Humanism and Christianity in the 15th Century
Nowadays, science and society can give a great variety of definitions of the humanism concept. However, one can say that humanism is an ideology, according to which the highest value of life is a person, his or her freedom, intelligence, talents; all other forms of the reality correspond to the person and the person corresponds to them. In the 15th century, the humanity doctrine affected the Christian church very strongly.
The phenomenon of humanism was widely spread in fourteenth and fifteenth centuries. The principal idea of the humanistic doctrine was that the mankind had an opportunity to predominate over the nature and to control its elements and also to create that society, which will correspond to its desires and needs. The mentioned statements allowed people to understand that they were not inferior to God, but they were similar to God. Humanism contains not simply a set of humanitarian occupations, but the philology appearing as ideology of this doctrine. Hence, the humanists offered their interpretation of the Bible. The new interpretation of the Bible had many odds with the church regulations, but this fact often was withheld. Regarding the question of original sin in humanistic understanding there was a view that human nature had not changed after the fall. This argument allowed to combine the Augustinian interpretation of the biblical doctrine of predestination with the humanist doctrine about innate human tendency to do good. However, concerning the fact that the only centers of education and enlightenment were the churches at that period, the humanists implemented in the society the idea of knowledge and self-perfection importance.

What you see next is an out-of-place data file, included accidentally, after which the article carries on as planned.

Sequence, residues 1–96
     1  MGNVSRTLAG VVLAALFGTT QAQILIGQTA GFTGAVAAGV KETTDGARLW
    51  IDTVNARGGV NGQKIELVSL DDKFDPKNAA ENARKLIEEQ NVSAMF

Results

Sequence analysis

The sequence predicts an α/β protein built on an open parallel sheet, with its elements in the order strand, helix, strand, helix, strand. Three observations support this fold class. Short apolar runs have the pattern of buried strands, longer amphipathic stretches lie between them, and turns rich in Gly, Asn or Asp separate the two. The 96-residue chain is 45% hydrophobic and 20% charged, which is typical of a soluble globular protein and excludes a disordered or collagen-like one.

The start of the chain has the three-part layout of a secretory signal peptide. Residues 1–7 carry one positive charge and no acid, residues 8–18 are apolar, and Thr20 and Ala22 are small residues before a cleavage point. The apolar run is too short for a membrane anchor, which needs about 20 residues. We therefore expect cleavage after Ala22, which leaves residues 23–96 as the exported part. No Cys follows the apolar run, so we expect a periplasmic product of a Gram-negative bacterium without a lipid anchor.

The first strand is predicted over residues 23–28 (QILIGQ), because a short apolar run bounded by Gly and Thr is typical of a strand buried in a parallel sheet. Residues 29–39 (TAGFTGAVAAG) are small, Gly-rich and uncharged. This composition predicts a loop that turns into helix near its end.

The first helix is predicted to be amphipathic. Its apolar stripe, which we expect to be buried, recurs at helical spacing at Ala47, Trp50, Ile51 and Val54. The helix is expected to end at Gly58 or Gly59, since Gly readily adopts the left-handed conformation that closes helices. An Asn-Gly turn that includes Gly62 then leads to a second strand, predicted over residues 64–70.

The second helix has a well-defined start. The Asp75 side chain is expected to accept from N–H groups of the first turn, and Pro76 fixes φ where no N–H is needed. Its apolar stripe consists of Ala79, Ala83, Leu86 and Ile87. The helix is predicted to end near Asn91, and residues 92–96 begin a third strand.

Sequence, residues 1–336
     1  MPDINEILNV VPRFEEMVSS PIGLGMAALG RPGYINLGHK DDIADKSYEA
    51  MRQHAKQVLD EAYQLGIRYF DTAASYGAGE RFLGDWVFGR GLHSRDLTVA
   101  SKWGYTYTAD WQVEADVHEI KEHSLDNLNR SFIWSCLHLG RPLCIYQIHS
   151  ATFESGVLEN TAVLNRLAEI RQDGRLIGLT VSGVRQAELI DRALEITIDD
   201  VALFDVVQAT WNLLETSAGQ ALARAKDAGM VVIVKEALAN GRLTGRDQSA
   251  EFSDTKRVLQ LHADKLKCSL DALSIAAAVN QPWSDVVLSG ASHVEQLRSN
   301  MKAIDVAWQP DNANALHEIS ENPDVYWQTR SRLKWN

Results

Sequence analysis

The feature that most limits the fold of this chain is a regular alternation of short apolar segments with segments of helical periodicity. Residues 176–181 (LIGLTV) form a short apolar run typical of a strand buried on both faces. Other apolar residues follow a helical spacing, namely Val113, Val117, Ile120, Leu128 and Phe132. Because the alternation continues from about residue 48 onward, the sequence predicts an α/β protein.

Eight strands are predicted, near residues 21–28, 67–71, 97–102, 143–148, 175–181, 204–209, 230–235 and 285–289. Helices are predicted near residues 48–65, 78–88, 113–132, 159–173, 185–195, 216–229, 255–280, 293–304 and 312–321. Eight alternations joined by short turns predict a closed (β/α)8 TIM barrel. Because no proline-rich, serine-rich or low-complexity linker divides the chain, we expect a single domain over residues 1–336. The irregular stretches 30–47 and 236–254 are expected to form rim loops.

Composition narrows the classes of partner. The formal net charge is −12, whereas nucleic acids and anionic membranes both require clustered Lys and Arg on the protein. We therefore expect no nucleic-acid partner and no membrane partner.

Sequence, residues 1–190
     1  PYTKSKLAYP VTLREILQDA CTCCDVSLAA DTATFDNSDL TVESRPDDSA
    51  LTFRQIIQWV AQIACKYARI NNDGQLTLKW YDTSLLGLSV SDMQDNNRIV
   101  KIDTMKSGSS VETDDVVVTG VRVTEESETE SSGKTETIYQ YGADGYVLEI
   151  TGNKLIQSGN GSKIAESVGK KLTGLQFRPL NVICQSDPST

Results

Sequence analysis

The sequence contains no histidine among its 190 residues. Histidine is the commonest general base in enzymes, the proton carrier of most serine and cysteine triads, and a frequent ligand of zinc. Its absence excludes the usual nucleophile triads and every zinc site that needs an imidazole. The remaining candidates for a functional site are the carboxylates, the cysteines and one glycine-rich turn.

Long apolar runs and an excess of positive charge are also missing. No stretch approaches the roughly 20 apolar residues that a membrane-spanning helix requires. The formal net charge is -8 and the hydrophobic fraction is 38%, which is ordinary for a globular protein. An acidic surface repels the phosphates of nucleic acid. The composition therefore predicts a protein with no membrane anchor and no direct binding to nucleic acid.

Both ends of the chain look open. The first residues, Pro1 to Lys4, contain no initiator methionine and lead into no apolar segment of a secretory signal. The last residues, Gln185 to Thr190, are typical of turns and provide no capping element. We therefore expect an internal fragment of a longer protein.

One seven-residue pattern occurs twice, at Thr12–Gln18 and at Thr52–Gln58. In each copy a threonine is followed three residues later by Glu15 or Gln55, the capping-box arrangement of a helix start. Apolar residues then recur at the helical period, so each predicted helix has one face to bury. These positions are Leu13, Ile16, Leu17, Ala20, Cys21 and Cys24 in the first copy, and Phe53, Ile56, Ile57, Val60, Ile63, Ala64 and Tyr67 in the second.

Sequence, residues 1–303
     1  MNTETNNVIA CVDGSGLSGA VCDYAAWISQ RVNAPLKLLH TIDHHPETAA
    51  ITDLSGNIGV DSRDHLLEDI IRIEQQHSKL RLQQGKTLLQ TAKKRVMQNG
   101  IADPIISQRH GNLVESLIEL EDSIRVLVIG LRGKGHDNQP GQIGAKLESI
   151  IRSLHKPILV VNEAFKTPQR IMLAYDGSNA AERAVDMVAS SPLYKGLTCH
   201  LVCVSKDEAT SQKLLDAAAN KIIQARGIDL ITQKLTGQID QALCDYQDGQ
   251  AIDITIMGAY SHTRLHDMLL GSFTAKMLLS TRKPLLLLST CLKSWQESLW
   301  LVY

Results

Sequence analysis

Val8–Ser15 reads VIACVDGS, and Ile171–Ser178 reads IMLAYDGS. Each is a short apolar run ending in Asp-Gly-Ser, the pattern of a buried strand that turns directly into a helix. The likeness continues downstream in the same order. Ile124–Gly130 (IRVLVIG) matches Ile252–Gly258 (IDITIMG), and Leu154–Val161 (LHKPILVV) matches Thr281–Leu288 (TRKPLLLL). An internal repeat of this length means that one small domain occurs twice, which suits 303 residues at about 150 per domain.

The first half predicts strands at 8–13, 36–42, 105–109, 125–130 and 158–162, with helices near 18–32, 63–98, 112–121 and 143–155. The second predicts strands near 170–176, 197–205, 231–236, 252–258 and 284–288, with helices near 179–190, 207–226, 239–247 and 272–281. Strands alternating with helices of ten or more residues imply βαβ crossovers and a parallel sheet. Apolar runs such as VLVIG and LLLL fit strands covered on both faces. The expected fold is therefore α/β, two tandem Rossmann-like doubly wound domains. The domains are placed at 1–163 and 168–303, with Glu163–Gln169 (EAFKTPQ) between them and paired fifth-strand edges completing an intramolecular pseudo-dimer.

The ideological movement of humanity has the essential impact on interpretation of the Christian doctrine. However, most changes were positive and useful for the society of the 15th century. Regarding this fact, the understanding of humanity became the special period in the history of religion.